The scale and scope ofdevastation in Japan from the earthquake and tsunami is only beginning to beunderstood. In coming days and weeks we will have the dismal numbers of liveslost and injured. But Japan’s demographic profile, as first among agingnations, will place something else on the public agenda over the next fewmonths – the unique vulnerability and risk of older adults and frail elderlyin disaster.
By definition disasterleads to system interruption or outright failure. When communications, power,transportation, water and sewerage, health delivery, and all thosetechnology-enabled systems that enable safe, healthy and civilized living areinterrupted we are all at risk. But those who are in poor health, immobile orrely on special technologies and medications to simply make it every day arethe most vulnerable even under the best of conditions. Hurricane Katrina providesnumbers to quantify being old and at risk.
In 2005 Hurricane Katrinaravaged New Orleans, Louisiana and much of the United States’ Gulf Coast. Theregion lost lives and livelihoods. Of the ~1,300 people lost, adisproportionate number of older adults died. Somewhere between 40% (NPR, 2006)and 50% (Healthline, 2008) of the dead were older adults. Another direstatistic is that 70% of New Orleans’ 53 nursing homes were not evacuated priorto the hurricane (Brunner, 2007).
So as the devastationof Japan’s earthquake and tsunamibecomes more clear, is this an opportunity to rethink how we plan, prepare andrespond to the needs of older adults in a disaster? If we can developinnovations for the most at risk, all of us have a better chance at survival.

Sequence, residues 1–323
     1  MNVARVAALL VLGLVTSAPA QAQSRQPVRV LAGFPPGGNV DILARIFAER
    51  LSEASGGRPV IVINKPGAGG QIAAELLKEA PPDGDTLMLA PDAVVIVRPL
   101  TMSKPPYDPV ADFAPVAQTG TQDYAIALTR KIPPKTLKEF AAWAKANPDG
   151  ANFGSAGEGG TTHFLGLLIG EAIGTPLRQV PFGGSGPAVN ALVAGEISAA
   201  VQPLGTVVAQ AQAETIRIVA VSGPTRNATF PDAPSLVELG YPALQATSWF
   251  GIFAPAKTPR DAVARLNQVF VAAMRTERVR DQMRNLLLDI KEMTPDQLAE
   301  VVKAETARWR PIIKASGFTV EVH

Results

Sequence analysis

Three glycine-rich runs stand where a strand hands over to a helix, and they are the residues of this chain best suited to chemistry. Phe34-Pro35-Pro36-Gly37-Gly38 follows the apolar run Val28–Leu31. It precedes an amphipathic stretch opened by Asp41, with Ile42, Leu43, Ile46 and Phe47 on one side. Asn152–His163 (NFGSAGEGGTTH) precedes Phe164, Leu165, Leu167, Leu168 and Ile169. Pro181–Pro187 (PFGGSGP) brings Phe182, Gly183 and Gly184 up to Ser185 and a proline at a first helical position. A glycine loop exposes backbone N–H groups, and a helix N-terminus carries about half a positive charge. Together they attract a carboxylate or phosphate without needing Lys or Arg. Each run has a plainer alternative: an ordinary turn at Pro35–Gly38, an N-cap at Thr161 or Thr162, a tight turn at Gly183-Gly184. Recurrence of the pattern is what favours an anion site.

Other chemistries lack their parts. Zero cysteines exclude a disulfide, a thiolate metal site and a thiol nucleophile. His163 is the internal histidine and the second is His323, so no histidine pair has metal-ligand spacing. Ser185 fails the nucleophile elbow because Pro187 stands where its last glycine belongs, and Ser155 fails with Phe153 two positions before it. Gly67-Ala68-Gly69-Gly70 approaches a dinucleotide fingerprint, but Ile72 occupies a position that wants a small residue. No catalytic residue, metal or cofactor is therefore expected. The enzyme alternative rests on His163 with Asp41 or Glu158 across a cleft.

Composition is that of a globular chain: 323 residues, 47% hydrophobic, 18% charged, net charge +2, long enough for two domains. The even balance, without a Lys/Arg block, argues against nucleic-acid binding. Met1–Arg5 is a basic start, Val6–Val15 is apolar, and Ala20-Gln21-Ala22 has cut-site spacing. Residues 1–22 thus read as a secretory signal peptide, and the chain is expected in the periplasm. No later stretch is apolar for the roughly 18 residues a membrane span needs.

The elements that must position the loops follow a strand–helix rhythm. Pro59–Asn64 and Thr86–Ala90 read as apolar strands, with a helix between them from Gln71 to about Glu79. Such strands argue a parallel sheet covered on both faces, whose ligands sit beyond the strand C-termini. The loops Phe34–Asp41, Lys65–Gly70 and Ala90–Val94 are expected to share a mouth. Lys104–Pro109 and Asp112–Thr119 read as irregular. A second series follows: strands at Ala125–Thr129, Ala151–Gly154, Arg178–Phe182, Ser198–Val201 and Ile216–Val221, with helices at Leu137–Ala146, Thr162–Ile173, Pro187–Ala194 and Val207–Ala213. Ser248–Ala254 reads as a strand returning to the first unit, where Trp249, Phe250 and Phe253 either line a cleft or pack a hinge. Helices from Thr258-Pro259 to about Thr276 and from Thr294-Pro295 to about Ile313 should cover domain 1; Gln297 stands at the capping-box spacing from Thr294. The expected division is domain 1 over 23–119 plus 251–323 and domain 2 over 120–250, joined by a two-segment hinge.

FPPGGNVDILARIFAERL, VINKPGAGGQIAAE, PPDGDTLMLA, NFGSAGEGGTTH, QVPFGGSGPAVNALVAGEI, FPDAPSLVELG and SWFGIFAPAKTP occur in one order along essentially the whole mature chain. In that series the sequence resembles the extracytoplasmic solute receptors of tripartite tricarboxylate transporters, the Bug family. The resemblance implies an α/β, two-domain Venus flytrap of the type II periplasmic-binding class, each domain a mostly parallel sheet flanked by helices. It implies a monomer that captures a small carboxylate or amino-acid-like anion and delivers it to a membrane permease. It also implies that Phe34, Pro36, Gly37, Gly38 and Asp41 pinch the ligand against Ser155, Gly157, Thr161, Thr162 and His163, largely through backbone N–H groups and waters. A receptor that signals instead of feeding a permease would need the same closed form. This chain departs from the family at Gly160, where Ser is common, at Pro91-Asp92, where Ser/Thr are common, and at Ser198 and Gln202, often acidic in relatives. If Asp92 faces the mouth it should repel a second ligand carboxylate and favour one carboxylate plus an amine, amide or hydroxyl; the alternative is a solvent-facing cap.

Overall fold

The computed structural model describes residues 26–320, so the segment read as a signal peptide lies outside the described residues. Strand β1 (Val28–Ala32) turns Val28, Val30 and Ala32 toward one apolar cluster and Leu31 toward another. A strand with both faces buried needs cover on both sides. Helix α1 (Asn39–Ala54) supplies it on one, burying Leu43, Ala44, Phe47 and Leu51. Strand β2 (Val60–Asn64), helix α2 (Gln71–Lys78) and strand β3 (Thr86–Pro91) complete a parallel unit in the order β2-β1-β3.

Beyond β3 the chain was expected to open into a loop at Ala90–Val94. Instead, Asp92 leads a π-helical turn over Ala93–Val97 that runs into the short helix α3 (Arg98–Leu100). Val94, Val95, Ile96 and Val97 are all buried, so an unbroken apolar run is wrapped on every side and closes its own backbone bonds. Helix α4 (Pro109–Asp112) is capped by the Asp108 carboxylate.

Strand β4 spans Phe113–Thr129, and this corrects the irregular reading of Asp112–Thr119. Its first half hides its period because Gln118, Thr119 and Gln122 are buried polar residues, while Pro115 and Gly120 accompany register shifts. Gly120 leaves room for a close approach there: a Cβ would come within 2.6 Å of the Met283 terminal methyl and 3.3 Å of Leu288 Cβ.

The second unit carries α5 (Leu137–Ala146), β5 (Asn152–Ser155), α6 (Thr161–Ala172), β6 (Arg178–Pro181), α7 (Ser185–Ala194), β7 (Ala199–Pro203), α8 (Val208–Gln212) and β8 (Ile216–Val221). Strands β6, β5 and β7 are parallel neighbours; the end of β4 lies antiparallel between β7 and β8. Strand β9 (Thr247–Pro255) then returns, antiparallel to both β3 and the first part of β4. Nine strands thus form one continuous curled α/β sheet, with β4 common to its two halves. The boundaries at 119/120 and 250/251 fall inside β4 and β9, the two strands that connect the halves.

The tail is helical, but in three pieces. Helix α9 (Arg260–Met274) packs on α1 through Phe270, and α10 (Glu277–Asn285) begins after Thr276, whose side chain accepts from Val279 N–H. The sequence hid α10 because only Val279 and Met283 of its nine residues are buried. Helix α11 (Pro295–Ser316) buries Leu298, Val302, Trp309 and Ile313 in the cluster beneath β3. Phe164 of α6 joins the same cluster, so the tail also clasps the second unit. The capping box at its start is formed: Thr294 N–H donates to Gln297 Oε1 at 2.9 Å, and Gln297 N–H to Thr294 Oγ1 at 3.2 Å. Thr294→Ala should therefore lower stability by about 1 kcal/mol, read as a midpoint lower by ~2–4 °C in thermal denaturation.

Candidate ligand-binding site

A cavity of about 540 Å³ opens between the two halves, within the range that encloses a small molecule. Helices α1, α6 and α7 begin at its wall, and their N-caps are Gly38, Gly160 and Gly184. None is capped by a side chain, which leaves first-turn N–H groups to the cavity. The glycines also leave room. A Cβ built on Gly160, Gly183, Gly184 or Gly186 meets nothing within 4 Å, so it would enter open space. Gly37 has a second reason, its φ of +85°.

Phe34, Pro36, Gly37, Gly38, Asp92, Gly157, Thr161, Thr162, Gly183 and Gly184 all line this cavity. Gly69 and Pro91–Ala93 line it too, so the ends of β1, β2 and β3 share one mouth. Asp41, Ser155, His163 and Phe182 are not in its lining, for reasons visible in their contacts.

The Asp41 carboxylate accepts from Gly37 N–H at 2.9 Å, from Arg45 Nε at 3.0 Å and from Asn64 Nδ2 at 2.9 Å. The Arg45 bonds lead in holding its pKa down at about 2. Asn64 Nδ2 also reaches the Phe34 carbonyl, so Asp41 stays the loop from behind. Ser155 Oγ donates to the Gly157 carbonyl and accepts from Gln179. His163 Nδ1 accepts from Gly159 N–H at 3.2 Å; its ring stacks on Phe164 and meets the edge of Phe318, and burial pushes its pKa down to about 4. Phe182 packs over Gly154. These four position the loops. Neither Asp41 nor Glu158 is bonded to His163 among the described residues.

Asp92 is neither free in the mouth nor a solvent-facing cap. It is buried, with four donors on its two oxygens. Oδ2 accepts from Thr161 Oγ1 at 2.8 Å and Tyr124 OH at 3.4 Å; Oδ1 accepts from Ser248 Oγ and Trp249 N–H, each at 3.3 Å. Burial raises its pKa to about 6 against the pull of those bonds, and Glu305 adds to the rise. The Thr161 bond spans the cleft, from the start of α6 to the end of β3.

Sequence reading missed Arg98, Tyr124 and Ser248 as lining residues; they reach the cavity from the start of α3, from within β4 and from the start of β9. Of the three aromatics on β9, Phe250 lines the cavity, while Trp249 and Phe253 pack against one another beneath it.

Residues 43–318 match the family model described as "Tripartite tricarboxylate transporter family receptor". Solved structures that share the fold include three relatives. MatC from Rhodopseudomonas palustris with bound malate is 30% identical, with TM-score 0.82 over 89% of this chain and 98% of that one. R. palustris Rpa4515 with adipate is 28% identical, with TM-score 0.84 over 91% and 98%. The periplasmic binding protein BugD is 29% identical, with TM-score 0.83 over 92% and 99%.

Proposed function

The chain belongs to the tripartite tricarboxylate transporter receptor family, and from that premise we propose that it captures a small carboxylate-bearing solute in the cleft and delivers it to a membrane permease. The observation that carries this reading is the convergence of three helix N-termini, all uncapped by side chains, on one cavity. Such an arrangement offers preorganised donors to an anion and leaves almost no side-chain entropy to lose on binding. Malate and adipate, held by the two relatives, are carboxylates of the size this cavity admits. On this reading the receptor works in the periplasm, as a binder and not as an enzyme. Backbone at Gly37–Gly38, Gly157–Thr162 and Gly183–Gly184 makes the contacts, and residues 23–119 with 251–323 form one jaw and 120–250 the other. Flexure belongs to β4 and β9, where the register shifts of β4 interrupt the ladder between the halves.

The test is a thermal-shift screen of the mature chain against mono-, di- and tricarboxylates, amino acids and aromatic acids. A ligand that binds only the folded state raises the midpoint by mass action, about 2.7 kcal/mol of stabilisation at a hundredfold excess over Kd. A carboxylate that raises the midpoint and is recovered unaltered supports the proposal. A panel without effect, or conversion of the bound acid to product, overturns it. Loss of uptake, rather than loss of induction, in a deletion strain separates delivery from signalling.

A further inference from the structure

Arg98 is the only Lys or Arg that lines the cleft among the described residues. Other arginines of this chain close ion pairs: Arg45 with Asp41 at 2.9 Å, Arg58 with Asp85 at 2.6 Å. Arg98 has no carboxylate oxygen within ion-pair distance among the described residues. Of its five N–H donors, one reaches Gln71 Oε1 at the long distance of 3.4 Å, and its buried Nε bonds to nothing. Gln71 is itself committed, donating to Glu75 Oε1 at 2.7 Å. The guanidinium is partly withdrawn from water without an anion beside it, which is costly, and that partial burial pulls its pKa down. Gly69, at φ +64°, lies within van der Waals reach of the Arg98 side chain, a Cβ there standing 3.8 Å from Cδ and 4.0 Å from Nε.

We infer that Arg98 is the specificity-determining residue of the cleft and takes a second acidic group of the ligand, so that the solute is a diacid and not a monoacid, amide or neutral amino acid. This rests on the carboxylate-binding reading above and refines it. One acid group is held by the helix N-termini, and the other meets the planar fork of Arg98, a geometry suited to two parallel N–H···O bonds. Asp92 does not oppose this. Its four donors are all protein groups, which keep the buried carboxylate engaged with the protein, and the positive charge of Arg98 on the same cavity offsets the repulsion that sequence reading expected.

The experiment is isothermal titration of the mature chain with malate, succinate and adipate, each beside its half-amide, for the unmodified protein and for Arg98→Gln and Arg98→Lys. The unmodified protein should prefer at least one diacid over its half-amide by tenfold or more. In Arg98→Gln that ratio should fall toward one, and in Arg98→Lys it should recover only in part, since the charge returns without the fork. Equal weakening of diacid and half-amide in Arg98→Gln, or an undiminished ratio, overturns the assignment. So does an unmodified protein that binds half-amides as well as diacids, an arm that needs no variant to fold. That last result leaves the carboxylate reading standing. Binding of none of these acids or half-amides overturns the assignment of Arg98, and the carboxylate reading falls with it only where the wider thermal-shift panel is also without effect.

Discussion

Here are just a fewstakeholders and actions to consider:
Disaster PreparednessResources Families Can Use Today
In partnership with The Hartford Financial Services Group’s Advance 50 Team, the MIT AgeLab conductedresearch on disaster planning for older adults and their families. Thisresearch was translated into public education materials that are available inprint and online for free from The Hartford.
It Could Happen to Me: Family Conversations about Disaster Planning: 37-pagebooklet is designed to give older adults an easy way to better prepare fordisasters. It encourages them to talk and plan with family, friends, andneighbors; to create a home inventory of possessions; and to come up with anaction plan to survive and recover from the disaster
The Calm Before the Storm: Family Conversations about Disaster Planning, Caregiving, Alzheimer’s Disease and Dementia: publication providesvaluable information to help caregivers of loved ones with Alzheimer’s diseaseand dementia better plan for natural disasters by talking to – and planningwith – family, friends and others.